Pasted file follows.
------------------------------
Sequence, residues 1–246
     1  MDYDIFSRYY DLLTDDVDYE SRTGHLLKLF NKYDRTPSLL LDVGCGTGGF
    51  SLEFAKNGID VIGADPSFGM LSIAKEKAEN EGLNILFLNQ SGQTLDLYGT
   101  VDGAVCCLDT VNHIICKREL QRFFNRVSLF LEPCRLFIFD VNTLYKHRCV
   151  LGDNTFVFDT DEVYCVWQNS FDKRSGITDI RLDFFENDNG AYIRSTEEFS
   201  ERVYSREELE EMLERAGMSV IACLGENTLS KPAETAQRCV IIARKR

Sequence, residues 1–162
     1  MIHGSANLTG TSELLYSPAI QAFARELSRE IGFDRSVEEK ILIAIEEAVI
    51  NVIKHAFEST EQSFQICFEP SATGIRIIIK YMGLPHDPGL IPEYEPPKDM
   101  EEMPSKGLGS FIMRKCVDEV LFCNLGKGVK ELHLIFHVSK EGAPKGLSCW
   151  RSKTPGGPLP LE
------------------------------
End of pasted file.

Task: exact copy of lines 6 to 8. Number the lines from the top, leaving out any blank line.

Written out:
   201  ERVYSREELE EMLERAGMSV IACLGENTLS KPAETAQRCV IIARKR

Sequence, residues 1–162
     1  MIHGSANLTG TSELLYSPAI QAFARELSRE IGFDRSVEEK ILIAIEEAVI